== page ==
Applied ethics

DOI: 10.4324/9780415249126-L005-1
Version: v1,  Published online: 1998
Retrieved June 23, 2024, from

8. Research in applied ethics

In general, those who fund research regard the gathering of facts, often called the ‘generation of new knowledge’, as crucial; philosophy, in contrast, appears to involve reflection on facts, while normative philosophy generates proposals for action or policy. Applied ethics offers at its best an opportunity to combine these approaches: for facts to be made the fruitful object of analytic and morally sensitive reflection, and for philosophical inquiry to accept the discipline of the need to take account of the practical framework within which speculation is cast.

Research in applied ethics, then, ideally starts from a perceived problem and is motivated to find a solution to that problem. It is frequently interdisciplinary. A research programme is often inspired by technological progress, for it is this that has placed ethical considerations at the heart of many areas of public debate. Typical of these are the controversies already mentioned surrounding the new technologies of reproduction: embryo research, donation of gametes, surrogate motherhood, which raise questions about the status of the human embryo and the definition of parenthood (see Reproduction and ethics).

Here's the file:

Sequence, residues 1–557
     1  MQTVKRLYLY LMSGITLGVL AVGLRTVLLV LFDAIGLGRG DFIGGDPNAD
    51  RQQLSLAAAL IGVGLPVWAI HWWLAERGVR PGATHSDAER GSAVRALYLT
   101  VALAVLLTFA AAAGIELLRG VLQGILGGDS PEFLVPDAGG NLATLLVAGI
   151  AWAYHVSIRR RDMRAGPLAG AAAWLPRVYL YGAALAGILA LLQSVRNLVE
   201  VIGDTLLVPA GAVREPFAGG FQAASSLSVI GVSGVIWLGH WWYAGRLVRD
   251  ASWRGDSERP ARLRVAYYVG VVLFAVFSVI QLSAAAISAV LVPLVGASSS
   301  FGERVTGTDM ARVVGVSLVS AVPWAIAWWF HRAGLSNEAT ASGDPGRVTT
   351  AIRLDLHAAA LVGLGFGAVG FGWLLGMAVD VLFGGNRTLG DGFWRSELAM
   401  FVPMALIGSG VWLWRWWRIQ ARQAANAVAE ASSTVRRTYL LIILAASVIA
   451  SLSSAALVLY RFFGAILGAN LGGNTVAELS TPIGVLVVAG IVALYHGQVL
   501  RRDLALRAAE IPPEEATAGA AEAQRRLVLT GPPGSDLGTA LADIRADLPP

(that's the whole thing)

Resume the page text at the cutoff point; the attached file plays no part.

Other appropriate areas where ethics impinges on practical inquiry include, for example, the ethical implications of the Human Genome Project, the ethics of confidentiality, insurance in relation to AIDS or inherited disease, the care of the elderly, homelessness, and mental illness (see Genetics and ethics; Medical ethics §§4–5; Nursing ethics). One caveat to be noted here, however, is that simply gathering data about what people think is right is sociology, not ethics, applied or otherwise.

Citing this article:
Almond, Brenda. Research in applied ethics. Applied ethics, 1998, doi:10.4324/9780415249126-L005-1. Routledge Encyclopedia of Philosophy, Taylor and Francis,
Copyright © 1998-2024 Routledge.

Related Searches


Related Articles